The 1957-58 Rowing Season

As a young boy I dreamed about being an Australian International, not in anything particular, not a definite wish, just a vague dream.

In May 1952 I started rowing at Leichhardt Rowing Club.     I enjoyed it so much that I stuck with it and achieved reasonable success.

In March 1957 I was selected to represent New South Wales in the Australian Eight Oar Championship which was held in Brisbane in May 1957 and we finished second.

 At the end of May 1957, at the Leichhardt Rowing Club Annual meeting, I was elected Club Captain.

I thanked the members for their confidence and told them that my priority for the season was the winning of the State Premiership, and that I would do whatever it took to achieve that end.

I was a reasonably competent second grade sculler at that time so I started in the first grade singles races as well as any other possible events to get more premiership points.

Our club senior coach, Eric Longley, approached me and told me that he wanted to select a club eight for the N.S.W. Commonwealth Games Test Race in October and that this crew would only race in eights and in no other boats.

I could see his point, and also the premiership drifting away, but the men he wanted had done good service for the club over the years and deserved the opportunity, so I agreed. 

At that time the club captaincy was a position of great power.   I could have said no and the decision would have been accepted.

He then told me that he wanted me to stroke the crew.   I told him that I felt I had to race in as many events as possible for premiership points so I declined.

The crew won the State Test Race and I was in the winning crew because Neville Clinton was ill on the day and I filled in.

The coach, Eric Longley, then became the State Selector and I was offered a seat in the State crew - again I declined.

I was selected in a club four to contest the State Fours Championship over 2000 metres in December.

On the same day the State Singles over 2000 metres was run and I won both events, the first time in the history of N.S.W. rowing that this had been done.

I was then selected in the club crew to contest the State Three Mile Championship in February 1958 on the same day as the Three Mile Single Sculls.

I protested this selection as it was one thing to contest two 2000 metre events, quite another to contest two three milers (5000 metres).

I was told -  "Remember that you said you would do whatever it took?  This is what it takes; we don't have anybody else with enough experience to row three miles." 

I was hoist on my own petard,so, against my better instincts, I did, and we won both events.

Only the second time in the history of N.S.W. rowing that this had been done.

The State eight trained on, and Peter Evatt injured his back, I was offered the seat and again declined.

The crew then went to Ballarat, won the Australian Test Race, and became the Australian eight for the 1958 Commonwealth Games.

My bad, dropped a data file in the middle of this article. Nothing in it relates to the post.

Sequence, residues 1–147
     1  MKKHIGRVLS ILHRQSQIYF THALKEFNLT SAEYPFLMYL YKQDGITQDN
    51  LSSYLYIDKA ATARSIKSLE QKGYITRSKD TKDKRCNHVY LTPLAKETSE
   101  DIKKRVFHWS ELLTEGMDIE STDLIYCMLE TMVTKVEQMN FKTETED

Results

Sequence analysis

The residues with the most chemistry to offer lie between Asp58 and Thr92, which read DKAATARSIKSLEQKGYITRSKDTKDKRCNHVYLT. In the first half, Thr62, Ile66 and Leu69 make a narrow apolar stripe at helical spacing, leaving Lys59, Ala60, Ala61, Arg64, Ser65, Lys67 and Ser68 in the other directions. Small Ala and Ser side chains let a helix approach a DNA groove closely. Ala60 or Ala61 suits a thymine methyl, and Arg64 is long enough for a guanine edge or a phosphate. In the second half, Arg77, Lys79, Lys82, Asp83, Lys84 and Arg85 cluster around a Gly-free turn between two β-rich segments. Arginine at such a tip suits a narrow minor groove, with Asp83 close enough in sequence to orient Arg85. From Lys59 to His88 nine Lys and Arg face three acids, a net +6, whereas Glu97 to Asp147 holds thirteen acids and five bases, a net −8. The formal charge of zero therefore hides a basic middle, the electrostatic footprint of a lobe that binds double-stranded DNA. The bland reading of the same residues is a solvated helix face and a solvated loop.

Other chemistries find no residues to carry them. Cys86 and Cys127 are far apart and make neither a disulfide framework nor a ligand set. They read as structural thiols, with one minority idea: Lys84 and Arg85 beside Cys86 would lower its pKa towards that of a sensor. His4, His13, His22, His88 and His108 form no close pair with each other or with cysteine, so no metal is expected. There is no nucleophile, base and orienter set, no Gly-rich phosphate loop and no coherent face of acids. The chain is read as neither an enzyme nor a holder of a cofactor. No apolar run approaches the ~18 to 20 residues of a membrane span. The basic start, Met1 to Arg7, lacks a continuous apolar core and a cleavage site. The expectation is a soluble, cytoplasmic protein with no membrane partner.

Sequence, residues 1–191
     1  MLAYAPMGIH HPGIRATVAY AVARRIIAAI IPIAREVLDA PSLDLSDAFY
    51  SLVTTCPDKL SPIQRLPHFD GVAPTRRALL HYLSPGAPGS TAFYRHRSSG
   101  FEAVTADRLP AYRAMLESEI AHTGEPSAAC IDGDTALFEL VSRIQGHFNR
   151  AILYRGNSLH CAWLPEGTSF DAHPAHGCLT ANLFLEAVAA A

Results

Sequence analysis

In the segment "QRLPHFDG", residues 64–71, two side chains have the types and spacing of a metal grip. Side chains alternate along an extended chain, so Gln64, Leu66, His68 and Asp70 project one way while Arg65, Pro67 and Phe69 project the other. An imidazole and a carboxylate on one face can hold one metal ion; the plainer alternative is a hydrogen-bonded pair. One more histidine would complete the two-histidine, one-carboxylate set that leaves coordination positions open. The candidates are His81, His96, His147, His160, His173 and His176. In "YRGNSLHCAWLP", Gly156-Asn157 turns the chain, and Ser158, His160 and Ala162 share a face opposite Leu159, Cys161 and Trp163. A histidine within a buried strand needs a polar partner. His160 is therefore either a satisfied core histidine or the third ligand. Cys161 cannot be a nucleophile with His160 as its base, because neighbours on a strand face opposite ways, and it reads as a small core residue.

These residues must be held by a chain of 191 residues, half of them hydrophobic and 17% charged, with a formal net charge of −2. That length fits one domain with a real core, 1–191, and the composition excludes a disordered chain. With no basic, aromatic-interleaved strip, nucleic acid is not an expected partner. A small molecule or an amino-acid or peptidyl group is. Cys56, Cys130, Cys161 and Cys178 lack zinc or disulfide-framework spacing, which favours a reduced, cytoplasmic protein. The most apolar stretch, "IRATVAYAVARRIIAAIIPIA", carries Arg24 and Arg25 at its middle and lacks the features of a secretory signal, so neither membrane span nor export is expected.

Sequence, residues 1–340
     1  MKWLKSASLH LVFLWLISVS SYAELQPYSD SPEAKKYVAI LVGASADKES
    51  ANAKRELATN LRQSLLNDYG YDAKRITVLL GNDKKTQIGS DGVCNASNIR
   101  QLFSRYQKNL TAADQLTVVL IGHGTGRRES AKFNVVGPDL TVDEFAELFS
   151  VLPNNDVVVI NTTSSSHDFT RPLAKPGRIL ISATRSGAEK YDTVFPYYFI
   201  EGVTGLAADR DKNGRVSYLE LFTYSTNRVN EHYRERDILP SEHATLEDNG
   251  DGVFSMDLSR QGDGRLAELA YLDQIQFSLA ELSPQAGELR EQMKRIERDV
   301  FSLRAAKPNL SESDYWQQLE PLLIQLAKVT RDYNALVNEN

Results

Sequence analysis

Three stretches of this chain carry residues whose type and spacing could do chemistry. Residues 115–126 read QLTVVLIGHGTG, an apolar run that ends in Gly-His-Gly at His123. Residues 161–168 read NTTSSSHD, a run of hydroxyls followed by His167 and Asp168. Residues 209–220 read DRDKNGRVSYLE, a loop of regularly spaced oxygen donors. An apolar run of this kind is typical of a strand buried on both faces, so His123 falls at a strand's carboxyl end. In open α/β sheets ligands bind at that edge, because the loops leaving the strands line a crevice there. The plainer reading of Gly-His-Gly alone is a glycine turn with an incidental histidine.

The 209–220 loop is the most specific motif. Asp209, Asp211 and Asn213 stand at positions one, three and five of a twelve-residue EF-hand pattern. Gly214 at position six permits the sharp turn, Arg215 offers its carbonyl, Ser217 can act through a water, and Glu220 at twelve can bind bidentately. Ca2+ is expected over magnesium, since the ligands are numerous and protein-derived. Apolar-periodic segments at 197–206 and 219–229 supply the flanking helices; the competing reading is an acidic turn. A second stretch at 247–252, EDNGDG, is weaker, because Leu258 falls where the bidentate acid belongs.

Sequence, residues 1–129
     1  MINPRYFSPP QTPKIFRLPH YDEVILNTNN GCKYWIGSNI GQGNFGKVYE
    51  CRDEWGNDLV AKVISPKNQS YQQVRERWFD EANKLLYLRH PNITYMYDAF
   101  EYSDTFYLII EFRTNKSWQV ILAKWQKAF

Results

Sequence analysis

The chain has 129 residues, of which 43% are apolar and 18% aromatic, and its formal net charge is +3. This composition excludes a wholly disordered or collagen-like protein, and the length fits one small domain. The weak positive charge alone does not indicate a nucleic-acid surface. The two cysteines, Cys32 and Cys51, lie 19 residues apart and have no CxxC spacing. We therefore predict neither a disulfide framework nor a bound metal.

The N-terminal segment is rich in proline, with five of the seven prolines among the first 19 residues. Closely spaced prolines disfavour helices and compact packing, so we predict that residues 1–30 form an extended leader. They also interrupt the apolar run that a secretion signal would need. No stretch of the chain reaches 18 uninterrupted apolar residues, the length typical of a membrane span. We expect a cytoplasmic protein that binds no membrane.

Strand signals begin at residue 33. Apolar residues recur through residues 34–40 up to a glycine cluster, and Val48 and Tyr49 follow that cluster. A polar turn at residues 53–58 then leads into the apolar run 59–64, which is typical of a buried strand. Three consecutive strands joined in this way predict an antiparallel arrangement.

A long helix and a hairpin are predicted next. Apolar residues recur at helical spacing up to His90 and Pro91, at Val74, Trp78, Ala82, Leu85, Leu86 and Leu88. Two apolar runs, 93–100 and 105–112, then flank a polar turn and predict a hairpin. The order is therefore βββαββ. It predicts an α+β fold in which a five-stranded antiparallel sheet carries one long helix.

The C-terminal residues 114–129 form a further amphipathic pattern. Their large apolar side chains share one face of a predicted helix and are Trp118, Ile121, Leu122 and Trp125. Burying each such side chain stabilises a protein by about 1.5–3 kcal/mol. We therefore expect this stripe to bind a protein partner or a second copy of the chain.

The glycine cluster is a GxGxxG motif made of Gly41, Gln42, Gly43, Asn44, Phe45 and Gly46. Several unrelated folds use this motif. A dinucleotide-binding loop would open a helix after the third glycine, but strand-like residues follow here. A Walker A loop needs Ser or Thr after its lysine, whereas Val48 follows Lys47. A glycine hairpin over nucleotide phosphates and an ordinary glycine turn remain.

One of the crew, John Gray, then developed appendicitis and had to withdraw. I was offered the seat and, very reluctantly, I declined.

Peter Evatt recovered from his back injury and we combined to win the State Doubles Championship in March 1958.

The winning of the StateThree Mile Singles made me the State sculler for the Australian Championship at Penrith in May 1958, and I won this event by five lengths.

However this win did not gain me selection in the Games team as the Australian sculler.

The Olympic Silver Medalist in 1956, Stewart MacKenzie, had already been selected and I knew of this beforehand so it didn't bother me.

For me, the end of a very successful season, I thought.

The club had won the premiership, we had eight of our members on the Commonwealth Games Team, eleven of our members had achieved State representation.   I, personally, had won five State and one Australian Championship and I had reason to feel that we, as a club, had completed a very successful season.

On the Monday night after the Australian Singles I was in my father's shop helping out with my elder brother , when the phone rang.

It was Harold Alderson, the President of the Australian Commonwealth Games Federation and he informed me that the bow man of the Australian pair, Jim Chapman, was unable to go to the Games and his partner, Kevyn Webb, wished me to take his place - "ARE YOU AVAILABLE?"

I was shell shocked.  Most of my family were in close proximity to the phone and I just asked my father,  "Dad, can we raise enough money to send me to the Games?" 

(In those days we got very little support from the government and the responsibility for raising funds for any overseas trip fell back on the sport who passed it on to the team members.)

My brother, Frank, yelled out. "YES ! YES! I'll raise the money to get you away."  And he did.

My vague dream had become reality.

So I went and we won the bronze medal on Lake Padarn, North Wales, on 22-7-1958.

I haven't counted the words in this story but I have tried to keep it as short as possible, I could elaborate on it quite a bit since the bare facts lose a lot of the drama that was part of it.

My mother was a Scot, born in Kilsyth, so I took the opportunity to visit her family after the Games.

My father was an American, born in Cincinnati, so I took the opportunity to visit his family on the way back.

- Steve Roll